Since your brain uses so much fuel (it’s only 3% of your body weight but uses up to 17% of your energy), it is more vulnerable to free-radical damage and antioxidants help eliminate this threat.

Broccoli is packed full of antioxidants, is well-known as a powerful cancer fighter and is also full of vitamin K, which is known to enhance cognitive function.

5. Foods Rich in Essential Fatty Acids

Your brain is the fattest organ (not counting the skin) in the human body, and is composed of 60% fat. That means that your brain needs essential fatty acids like DHA and EPA to repair and build up synapses associated with memory.

The body does not naturally produce essential fatty acids so we must get them in our diet.

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Eggs, flax, and oily fish like salmon, sardines, mackerel and herring are great natural sources of these powerful fatty acids. Eggs also contain choline, which is a necessary building block for the neurotransmitter acetylcholine, to help you recall information and concentrate.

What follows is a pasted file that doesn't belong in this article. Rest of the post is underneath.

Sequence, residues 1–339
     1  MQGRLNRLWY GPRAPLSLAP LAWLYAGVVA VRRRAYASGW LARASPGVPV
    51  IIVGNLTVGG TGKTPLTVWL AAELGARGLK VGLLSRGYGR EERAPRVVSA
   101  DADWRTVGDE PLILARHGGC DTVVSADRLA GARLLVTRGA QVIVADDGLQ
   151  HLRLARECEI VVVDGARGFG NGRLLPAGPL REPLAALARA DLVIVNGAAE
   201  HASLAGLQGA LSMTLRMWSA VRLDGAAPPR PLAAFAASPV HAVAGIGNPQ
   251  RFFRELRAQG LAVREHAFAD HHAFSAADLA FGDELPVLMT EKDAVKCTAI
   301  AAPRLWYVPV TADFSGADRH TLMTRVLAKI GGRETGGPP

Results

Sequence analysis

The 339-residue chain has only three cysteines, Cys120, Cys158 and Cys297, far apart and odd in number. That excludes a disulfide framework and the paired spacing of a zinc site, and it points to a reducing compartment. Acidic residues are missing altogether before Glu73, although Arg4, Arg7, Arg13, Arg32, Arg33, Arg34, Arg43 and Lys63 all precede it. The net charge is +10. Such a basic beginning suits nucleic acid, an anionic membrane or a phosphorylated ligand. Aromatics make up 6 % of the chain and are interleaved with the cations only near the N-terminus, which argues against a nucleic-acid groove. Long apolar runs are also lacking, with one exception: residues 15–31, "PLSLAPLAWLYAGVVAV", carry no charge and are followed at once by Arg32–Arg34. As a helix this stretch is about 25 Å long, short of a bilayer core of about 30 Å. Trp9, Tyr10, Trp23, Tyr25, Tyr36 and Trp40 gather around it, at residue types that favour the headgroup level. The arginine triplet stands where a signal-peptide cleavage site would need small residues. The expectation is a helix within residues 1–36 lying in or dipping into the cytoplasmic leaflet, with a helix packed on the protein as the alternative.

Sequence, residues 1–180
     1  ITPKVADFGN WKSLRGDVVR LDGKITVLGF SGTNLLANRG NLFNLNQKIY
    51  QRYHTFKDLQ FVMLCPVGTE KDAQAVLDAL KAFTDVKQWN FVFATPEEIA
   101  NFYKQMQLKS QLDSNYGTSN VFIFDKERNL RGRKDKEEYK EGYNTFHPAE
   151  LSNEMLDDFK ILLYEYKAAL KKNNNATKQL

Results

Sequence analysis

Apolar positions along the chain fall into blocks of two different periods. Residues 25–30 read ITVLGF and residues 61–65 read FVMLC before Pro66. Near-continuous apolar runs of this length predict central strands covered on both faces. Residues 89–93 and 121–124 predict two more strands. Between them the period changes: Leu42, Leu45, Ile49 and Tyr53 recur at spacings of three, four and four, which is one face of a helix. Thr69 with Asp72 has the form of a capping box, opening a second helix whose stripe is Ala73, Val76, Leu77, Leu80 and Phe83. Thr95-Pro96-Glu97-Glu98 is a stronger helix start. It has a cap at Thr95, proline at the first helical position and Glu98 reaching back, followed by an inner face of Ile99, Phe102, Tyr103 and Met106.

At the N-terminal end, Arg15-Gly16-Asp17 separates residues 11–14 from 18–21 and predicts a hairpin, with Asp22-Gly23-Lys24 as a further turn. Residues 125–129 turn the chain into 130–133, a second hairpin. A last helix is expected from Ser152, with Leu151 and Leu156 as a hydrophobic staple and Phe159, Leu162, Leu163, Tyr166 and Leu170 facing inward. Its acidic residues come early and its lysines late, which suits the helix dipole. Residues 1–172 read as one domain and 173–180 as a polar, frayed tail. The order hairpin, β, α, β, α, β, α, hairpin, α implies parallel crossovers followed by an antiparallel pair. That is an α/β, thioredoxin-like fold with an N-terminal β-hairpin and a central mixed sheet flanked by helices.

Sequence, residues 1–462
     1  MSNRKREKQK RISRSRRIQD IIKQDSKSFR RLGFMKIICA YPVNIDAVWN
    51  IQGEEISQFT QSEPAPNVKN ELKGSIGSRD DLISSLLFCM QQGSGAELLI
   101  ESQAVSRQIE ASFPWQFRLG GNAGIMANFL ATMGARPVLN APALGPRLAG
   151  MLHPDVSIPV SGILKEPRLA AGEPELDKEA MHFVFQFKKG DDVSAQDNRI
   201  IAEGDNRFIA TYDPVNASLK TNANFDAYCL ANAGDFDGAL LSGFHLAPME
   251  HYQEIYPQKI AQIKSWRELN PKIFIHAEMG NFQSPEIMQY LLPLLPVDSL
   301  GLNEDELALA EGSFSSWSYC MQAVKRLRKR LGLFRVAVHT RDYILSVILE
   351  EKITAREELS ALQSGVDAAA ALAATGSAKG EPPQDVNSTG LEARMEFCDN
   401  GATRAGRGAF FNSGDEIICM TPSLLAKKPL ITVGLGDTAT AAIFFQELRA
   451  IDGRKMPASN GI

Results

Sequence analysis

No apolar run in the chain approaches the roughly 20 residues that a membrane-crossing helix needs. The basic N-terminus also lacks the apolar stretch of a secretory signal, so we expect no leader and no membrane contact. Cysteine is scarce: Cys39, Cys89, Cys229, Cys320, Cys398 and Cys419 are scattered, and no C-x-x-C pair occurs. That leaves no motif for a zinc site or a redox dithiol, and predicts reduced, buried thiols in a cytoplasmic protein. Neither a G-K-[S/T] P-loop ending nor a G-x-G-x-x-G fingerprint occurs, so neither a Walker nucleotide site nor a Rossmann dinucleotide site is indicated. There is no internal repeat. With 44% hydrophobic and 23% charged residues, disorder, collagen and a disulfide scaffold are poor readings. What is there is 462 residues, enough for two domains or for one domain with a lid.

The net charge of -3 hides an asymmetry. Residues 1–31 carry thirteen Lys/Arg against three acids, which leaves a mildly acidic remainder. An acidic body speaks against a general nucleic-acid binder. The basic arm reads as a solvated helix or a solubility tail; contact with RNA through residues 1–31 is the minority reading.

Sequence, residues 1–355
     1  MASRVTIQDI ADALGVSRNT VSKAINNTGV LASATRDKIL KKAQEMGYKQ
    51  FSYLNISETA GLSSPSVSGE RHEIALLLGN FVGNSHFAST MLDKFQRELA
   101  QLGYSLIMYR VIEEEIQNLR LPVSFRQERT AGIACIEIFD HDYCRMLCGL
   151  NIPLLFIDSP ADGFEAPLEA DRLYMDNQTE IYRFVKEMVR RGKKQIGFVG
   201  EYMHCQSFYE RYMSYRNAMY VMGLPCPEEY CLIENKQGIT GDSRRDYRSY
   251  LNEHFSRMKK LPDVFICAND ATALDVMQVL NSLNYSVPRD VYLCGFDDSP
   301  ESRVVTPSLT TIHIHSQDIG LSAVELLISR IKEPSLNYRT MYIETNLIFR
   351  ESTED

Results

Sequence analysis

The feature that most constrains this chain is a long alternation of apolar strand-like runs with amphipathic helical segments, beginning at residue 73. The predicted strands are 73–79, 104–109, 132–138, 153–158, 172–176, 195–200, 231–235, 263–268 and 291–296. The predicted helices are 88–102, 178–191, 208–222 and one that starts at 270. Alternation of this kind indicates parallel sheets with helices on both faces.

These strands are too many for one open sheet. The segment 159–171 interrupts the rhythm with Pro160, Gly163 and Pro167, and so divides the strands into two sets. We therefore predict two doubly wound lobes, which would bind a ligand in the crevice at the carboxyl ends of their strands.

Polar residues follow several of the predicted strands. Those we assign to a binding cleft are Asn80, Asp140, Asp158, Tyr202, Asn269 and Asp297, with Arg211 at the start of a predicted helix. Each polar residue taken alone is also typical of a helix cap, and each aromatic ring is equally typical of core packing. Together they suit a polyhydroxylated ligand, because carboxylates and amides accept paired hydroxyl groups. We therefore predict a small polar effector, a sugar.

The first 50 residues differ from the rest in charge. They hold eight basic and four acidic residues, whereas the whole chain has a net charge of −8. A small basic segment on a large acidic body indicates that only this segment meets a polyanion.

6. Soy

Soy, along with many other whole foods mentioned here, are full of proteins that trigger neurotransmitters associated with memory.

Soy protein isolate is a concentrated form of the protein that can be found in powder, liquid, or supplement form.

Soy is valuable for improving memory and mental flexibility, so pour soy milk over your cereal and enjoy the benefits.

7. Dark Chocolate

When it comes to chocolate, the darker the better. Try to aim for at least 70% cocoa. This yummy desert is rich in flavanol antioxidants which increase blood flow to the brain and shield brain cells from aging.

Take a look at this article if you want to know more benefits of dark chocolate: 15 Surprising and Science-Backed Health Effects of Dark Chocolate

8. Foods Rich in Vitamins: B vitamins, Folic Acid, Iron

Some great foods to obtain brain-boosting B vitamins, folic acid and iron are kale, chard, spinach and other dark leafy greens.

B6, B12 and folic acid can reduce levels of homocysteine in the blood. Homocysteine increases are found in patients with cognitive impairment like Alzheimer’s, and high risk of stroke.

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Studies showed when a group of elderly patients with mild cognitive impairment were given high doses of B6, B12, and folic acid, there was significant reduction in brain shrinkage compared to a similar placebo group.[3]